By Viviana Ni
“Art washes away from the soul the dust of everyday life” ———– Pablo Picasso
A picture is worth a thousand words; when words are not enough, the non-verbal approach of art-making can help express unspeakable emotion.
What is Art Therapy
Art Therapy is a marriage of art and psychology. It integrates psychotherapeutic techniques with the creative process to improve mental health and well-being. According to the American Art Therapy Association, Art Therapy is “an integrative mental health and human services profession that enriches the lives of individuals, families, and communities through active art-making, creative process, applied psychological theory, and human experience within a psychotherapeutic relationship. Moreover, art therapy is facilitated by a professional art therapist, effectively supports personal and relational treatment goals as well as community concerns. Art Therapy is used to improve cognitive and sensorimotor functions, foster self-esteem and self-awareness, cultivate emotional resilience, promote insight, enhance social skills, reduce and resolve conflicts and distress, and advance societal and ecological change.”
The barrier between image and language is thought (Yalom, 1989).
In primitive society, we initially recorded our life in images on the walls of caves and then language developed after that. When we describe an event or memory, the first thing that appears in our mind is an image, not language; detailed information often is missing and distorted. The process of art-making and sharing in Art Therapy is from non-verbalization to verbalization, from right brain to left brain. Art is an expressive language of the conscious and unconscious minds. Art can help activate the right brain in making sense of our experiences, and then connect to our left brain where we can match these experiences with words and deal with associated emotions with reason and gain deeper insight with lesser distortion from our memory.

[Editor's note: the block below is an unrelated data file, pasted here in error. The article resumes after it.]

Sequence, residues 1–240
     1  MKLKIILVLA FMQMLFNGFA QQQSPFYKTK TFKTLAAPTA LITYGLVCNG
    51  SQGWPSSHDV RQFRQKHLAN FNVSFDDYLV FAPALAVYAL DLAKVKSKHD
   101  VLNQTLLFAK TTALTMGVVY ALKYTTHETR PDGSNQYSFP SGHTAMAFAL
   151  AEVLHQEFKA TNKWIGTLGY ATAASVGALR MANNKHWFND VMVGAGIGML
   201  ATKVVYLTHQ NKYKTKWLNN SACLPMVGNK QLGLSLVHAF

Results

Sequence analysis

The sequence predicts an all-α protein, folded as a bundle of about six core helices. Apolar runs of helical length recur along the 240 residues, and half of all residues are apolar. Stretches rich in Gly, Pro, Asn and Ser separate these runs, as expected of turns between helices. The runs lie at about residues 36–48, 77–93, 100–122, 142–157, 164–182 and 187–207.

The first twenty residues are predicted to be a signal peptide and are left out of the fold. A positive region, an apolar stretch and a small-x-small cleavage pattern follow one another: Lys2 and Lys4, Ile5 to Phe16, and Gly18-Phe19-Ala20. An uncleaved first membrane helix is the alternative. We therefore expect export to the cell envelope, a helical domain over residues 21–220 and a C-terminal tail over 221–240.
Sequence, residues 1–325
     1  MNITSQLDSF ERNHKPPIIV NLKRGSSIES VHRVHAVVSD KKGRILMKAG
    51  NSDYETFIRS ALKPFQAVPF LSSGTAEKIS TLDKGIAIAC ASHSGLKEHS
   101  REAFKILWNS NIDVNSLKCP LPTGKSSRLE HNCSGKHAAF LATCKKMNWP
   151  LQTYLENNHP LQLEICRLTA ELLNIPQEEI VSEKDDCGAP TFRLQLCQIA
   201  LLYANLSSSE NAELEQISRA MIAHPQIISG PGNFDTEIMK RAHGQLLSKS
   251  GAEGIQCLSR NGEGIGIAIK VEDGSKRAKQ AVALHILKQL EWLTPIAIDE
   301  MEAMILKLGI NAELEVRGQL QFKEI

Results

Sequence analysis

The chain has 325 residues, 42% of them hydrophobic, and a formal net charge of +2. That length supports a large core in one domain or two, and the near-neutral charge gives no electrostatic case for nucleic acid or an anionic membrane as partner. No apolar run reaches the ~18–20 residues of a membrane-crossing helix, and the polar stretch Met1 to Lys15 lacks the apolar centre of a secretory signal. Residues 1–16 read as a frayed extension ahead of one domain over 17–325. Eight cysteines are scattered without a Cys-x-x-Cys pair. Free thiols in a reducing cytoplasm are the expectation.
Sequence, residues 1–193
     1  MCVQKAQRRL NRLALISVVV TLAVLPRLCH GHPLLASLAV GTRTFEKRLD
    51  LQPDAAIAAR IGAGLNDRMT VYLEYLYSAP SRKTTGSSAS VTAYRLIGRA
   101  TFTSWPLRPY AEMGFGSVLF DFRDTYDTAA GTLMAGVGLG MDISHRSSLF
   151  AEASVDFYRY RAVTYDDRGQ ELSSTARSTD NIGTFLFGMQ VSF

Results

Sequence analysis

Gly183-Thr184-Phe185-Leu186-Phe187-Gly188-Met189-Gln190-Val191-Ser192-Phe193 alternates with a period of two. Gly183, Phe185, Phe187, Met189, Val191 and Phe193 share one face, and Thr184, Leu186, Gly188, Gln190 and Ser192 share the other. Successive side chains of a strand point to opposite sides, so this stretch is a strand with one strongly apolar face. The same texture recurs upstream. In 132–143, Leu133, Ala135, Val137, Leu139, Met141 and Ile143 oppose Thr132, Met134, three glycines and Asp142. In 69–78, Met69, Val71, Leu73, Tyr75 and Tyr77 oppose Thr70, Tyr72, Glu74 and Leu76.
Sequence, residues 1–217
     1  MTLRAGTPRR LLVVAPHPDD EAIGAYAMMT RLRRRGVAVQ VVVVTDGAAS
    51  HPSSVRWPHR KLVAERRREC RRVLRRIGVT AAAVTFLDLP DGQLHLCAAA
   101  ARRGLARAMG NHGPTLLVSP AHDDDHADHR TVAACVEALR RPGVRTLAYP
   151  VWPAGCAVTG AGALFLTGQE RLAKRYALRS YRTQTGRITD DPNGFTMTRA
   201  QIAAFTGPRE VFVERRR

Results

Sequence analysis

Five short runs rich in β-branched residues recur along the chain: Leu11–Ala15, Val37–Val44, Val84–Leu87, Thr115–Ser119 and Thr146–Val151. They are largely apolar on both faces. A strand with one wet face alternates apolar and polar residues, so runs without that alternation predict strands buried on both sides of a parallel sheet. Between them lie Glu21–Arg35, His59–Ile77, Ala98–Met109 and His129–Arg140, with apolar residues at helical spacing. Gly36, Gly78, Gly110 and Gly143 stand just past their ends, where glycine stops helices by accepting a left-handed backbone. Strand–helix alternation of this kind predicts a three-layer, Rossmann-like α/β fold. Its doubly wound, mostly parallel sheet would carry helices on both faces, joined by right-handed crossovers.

Benefits of Art Therapy
- express feelings that may be difficult to verbalize
- explore your imagination and creativity
- develop healthy coping skills and focus
- improve self-esteem and confidence
- identify, and clarify issues & concerns
- increase communication skills
- improve motor skills and physical coordination
- identify blocks to emotional expression and personal growth.
Who can benefit from Art Therapy?
No art background is needed and people of all ages benefit from Art Therapy. Art Therapy can help those who are experiencing:
- Depression, anxiety, and other mood disorders
- Trauma and loss
- Special needs & learning difficulties
- Substance abuse and addiction
- Abuse and domestic violence
- Family and relationship issues
- Social & emotional difficulties related to disability & physical illness
- Eating disorders & issues with body image
- Mental health problems
Art Therapy Process
Art Therapists facilitate the making of images or art forms from the client’s imagination, often through thematic, abstract and free expression.
Through the process of engaging with visual or art related materials and participating in art-making activities, individuals gain better insight and understanding of their life journey and experiences which enhances their recovery process.
In general, a typical art therapy session involves non-verbal expression (art) plus verbal expression. Less verbalization is used with children than adults. Depending on the needs of clients, an Art Therapist may integrate different art forms, such as art, music, story-telling, or play.
Art Therapy formats include
- Individual Art Therapy for children, adults, and the elderly
- Parent-child Dyadic Art Therapy
- Group Art Therapy
- Family Art Therapy
- Couple Art Therapy
“Is it an art class?”
The goal of Art Therapy is not to “teach” art. Rather, Art Therapy uses art in a therapeutic/diagnostic capacity which helps the client maximize the art-making experience in order to achieve their therapy goals.
“Do you interpret artworks?”
Art Therapists do not interpret artwork, though we are trained in understanding images and symbols. The meaning of artwork is always derived directly from an individual’s personal associations and feelings.
“But… I am not good in art”
You do not need to be good in art; in fact, 90% of clients do not have any art background. You just need an open mind. Art Therapy values the art making process more than the finished product.